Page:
Whenever the waterproofing mortar is exposed to a dry environment, it experiences shrinkage, which can lead to cracking, if excessive. It is, therefore, essential to use a mortar that has low shrinkage strains, especially during the initial ages, when it could be left exposed. To characterize the drying shrinkage and propensity for cracking, mortar prisms exposed to drying, and the consequent strains are measured, say, according to the procedure of ASTM C 596.

IIT Chennai study

Waterproofing mortars with different modifiers commonly used in the Indian scenario have been studied in the Construction Materials Laboratory over the past seven years. The materials evaluated include SBR, acrylic polymer, lignosulphonate, silicone, fatty acid and neutralized amino alcohol. Investigations cover the strength and waterproofing properties, as well as weathering due to UV light, wetting-drying cycles and sea water exposure.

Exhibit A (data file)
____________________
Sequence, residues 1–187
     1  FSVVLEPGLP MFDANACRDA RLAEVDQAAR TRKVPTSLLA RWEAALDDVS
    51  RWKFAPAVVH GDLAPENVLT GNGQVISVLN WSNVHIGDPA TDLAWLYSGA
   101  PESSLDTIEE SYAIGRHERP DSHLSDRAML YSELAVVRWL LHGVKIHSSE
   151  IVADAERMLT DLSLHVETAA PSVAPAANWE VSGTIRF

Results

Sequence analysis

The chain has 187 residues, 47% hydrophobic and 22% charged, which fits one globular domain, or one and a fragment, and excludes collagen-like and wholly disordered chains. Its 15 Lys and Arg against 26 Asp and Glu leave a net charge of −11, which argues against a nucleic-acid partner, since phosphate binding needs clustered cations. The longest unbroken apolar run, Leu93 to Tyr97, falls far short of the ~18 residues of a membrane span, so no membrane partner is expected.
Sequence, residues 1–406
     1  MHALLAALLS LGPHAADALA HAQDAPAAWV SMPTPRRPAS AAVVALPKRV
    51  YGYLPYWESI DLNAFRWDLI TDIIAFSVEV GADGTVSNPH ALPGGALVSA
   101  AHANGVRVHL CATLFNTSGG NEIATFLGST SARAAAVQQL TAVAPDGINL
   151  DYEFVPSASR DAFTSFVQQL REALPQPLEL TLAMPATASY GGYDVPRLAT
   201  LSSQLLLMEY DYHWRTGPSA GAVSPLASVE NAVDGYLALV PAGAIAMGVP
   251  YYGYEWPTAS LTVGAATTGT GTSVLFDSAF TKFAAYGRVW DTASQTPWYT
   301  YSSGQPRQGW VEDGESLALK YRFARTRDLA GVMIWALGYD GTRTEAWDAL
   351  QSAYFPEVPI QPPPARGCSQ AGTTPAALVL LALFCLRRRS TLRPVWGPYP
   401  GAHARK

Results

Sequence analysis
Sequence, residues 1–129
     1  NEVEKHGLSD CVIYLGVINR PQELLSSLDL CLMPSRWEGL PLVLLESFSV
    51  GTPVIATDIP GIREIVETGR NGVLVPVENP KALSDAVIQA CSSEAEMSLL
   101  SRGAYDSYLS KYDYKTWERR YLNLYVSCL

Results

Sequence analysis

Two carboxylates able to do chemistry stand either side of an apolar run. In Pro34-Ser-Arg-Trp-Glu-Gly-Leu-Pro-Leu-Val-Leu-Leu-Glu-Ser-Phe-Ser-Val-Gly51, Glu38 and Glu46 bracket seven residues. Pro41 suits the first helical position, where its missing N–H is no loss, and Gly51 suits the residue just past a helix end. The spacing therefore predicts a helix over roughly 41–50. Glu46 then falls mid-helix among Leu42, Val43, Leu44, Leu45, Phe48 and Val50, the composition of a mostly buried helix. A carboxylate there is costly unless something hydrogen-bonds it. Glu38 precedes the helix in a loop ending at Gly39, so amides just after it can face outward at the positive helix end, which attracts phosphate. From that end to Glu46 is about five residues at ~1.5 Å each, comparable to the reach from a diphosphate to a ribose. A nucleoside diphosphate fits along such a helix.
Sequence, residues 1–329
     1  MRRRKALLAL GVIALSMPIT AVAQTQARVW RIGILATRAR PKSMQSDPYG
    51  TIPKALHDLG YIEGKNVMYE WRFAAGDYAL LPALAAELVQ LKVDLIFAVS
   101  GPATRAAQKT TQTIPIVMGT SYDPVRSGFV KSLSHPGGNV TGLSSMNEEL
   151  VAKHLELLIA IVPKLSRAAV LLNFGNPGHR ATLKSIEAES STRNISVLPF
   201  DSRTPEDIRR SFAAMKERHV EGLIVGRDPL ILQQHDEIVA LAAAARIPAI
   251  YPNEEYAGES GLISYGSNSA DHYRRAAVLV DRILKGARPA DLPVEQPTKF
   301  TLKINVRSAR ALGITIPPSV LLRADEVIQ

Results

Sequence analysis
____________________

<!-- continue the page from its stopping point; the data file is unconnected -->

Some interesting conclusions from the studies are that the lignosulphonate based integral waterproofing agent performs well in areas protected from weathering (such as toilets and other interior wet areas); the SBR latex is most versatile under conditions expected in India (i.e., high temperatures and humidity), even in areas exposed to sunlight; and a carboxylated SBR could be the most adequate in harsh environments such as tidal zones in marine applications.

Dr. Ravindra Gettu
Professor of Civil Engineering at IIT Chennai. His research interests are in the areas of the effective use of chemical admixtures, fibre reinforced concrete, self-compacting concrete and mechanical characterization.



Dr. Priya S. Nair
Post-Doctoral Researcher in the Building Technology and Construction Management Division of the Department of Civil Engineering, IIT Chennai. She is currently involved in the evaluation of commercially available polymer modifiers used in cement mortar based waterproofing systems.